Springtime seems to have lasted all winter, and it’s nearly summer. That has to be why I have the sniffles, which may have lead to a sinus infection, which I’ve nearly left by the wayside.
Let me tell you all about it, or if you just want to know how to get better, skip to the bottom. Before we get there, tell me, have you had the springtime sniffles too?
When I prepared the May/Memorial Day newsletter last week, I was nearly incapacitated. What started out as the sniffles turned into severe body pain, even my skin hurt to the touch. I had no time to rest, but I gave it a try because I needed to be better before we took some friends on a long-weekend pack trip in the high country.
It isn’t just allergies that cause the sniffles to turn into an infection. I ran myself down pretty good too. I drove to Dallas, Texas for the NRA Annual Meetings. Yes, it was worth it and you can bet you’ll see me at the event in Indianapolis, Indiana next year.
After that, I had one day of rest then loaded up the one-ton with Dear Daughter’s furniture and made a trek to Montana to help her move into her first apartment. It was a long, rough ride in the stripped down, stiff-suspension, dual-wheeled flatbed. We followed that up with a lot of up and down stairs hauling, which ultimately led to a happy college sophomore who now has a somewhat furnished apartment.
ZOOM! We zipped back home and worked hard to lay out the pipe for the irrigation system as this year, due to drought conditions, our days of water are limited. With the help of a couple friends, we got the gates and gaskets installed. Then H and I worked day and night to get the hundreds of sticks of pipe spread, connected, flushed and now running.
YEP. That’s when it hit me. I had the sniffles throughout the adventures, treks and work. Then all of a sudden, BAM! A huge headache happened. I admit I may not have been drinking enough fluid during any of this. I chugged water and went to bed early only to wake up with a splitting headache and a body that didn’t want to move.
Did I mention that I didn’t have time for this?
I took allergy medicine and chugged water all day. It seemed to help the sniffles, but the body pain persisted. That night I took night time allergy meds and slept like a log. Yes, rest is important and I needed to wake up and help pack in a camp.
Packing in camp didn’t happen for me. H had to go it solo and I stayed home to prepare your newsletter and work on recovery. The body pain subsided, but the headache held on. I continued with the fluids, rest, and allergy medicine and by the next day felt well enough to ride a horse and lead a cute little cowgirl up to camp — at 11,000 feet!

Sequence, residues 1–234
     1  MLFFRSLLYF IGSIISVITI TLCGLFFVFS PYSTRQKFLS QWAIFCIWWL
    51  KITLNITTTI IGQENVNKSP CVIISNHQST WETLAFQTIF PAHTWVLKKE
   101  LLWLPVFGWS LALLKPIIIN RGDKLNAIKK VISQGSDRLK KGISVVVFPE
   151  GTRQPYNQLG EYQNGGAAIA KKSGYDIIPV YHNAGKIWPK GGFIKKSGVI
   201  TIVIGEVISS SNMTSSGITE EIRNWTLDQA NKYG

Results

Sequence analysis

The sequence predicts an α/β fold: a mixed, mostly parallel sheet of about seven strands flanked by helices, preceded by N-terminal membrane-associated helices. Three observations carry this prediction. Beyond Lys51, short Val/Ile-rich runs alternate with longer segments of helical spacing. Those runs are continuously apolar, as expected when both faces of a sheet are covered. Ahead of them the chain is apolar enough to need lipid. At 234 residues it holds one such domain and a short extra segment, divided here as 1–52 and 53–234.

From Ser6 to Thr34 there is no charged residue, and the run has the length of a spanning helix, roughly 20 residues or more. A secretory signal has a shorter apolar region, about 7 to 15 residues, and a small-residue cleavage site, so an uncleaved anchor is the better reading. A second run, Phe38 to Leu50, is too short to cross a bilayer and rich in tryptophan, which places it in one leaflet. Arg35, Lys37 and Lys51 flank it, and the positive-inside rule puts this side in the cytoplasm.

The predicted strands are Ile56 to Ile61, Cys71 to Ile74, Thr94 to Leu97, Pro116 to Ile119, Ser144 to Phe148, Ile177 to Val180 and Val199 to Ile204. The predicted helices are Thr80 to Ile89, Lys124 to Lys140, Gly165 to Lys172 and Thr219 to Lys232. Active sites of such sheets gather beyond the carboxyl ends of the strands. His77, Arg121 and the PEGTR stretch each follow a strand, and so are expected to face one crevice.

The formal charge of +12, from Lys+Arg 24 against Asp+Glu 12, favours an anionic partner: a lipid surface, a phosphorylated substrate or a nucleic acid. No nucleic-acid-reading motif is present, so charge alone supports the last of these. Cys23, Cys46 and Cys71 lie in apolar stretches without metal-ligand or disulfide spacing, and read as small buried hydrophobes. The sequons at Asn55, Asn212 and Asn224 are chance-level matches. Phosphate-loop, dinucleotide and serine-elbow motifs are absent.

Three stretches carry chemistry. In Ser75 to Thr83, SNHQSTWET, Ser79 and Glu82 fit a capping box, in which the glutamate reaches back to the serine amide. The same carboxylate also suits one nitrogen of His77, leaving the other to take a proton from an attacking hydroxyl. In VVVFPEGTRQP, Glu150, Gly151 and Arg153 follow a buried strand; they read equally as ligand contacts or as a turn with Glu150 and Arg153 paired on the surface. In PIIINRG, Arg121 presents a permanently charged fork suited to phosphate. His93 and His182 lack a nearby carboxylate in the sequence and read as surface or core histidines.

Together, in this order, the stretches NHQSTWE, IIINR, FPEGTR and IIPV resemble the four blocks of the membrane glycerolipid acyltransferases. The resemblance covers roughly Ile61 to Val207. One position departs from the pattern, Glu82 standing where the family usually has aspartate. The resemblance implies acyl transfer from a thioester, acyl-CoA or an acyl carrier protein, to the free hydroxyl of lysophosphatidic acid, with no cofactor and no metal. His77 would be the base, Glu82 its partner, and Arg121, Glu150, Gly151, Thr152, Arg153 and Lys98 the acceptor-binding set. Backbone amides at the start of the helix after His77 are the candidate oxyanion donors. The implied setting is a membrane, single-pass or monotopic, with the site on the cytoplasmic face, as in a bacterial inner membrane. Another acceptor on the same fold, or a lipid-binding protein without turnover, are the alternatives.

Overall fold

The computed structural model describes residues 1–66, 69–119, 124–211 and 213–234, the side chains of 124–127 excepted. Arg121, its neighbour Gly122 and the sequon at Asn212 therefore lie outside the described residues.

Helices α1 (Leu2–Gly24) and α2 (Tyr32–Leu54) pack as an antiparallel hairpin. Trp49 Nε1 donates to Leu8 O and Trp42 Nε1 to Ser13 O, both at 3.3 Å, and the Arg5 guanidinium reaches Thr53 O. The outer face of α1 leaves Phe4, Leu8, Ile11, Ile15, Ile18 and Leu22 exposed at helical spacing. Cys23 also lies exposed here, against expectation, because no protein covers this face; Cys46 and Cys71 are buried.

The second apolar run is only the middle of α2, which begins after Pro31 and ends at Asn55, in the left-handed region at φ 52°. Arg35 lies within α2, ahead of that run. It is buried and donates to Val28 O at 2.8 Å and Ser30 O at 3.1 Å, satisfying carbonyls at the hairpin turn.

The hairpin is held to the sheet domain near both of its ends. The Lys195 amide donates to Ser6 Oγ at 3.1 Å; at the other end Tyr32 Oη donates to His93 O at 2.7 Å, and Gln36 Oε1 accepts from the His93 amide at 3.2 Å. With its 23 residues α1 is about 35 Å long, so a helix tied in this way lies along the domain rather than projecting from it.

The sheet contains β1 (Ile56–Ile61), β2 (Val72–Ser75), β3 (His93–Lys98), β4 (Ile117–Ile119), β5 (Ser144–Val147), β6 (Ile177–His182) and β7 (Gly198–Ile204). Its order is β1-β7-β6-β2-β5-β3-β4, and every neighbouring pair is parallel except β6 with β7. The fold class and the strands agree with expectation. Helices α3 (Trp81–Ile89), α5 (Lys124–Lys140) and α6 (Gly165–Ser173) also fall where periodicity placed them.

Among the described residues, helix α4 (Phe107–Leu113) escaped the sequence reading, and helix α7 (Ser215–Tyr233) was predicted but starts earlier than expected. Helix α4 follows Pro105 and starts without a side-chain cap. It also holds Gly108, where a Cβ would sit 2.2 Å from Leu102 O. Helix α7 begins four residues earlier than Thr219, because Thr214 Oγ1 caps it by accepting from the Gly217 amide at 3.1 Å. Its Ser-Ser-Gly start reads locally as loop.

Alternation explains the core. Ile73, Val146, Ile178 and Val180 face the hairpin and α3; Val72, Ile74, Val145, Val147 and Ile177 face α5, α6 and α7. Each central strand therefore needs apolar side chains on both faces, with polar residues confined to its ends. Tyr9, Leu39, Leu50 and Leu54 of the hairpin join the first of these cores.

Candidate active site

Yes, I remembered to bring my medicine and with hopes of a restful weekend, continued to work on rehabilitation. I never experience altitude sickness but this time my sinuses told me there was a problem. I have to admit, I had no reprieve, but I SURVIVED and even smiled as a happy little cowgirl and her mother made it safely on their first horseback destined pack-trip in the high country. SUCCESS!
Now to REALLY GET BETTER!
By the time I returned home, I knew the sniffles had gone bad. They’d turned into a sinus infection. Thanks to the not so wonderful health care system, it’ll cost me way too much to go to the doc. (If you can go see a doctor, and would like to take antibiotics, please do so and don’t continue reading.) I better get serious and fix myself up! After all, I only have three days until I have to be somewhere else!
How to beat a sinus infection with at home remedies
- Fluids – Drink lots of water, vitamin water, Emergency C, and other good stuff. I love to drink hot water with honey and lemon because it adds flavor and goes down smooth. Plus, your body doesn’t have to spend any energy warming it up to metabolize and absorb it into your body. Another favorite is sleepy time tea because it relaxes me just enough to get a good night’s sleep.
- Humidifier – I put a humidifier beside my bed because after taking all those sinus pills, the membranes in my nose are pretty traumatized and dried out. The noise of the device also soothes me to sleep.
- Nasal spray – As I just mentioned, my nose is pretty dry inside so there is no medication needed in the nasal spray. Buy a simple saline spray or use a Nettie Pot to flush and moisten your sinuses.
- Rest – If you’re anything like me, this is a tough one. It is a must do. Get your rest. Go to bed early and if at all possible, sleep late. If you’re able, become a couch potato. Your body is already burning a lot of energy just trying to get better. Worry about fitness when you’re recuperated.
- Topical Analgesic Rubs – If you’ve been blowing your nose for a week, the outside of your nostrils just might be a little rough as well. I use Mentholatum on the outsides of my nostrils to soothe the skin but also clear my sinuses so I can catch a breath or two. This compound also soothes sore muscles and general aches and pains.
Tell me, what other things do you do at home to get rid of a sinus infection? I know many friends add whiskey to their teas, but I don’t drink often so I’m sure that would not make me feel very well.
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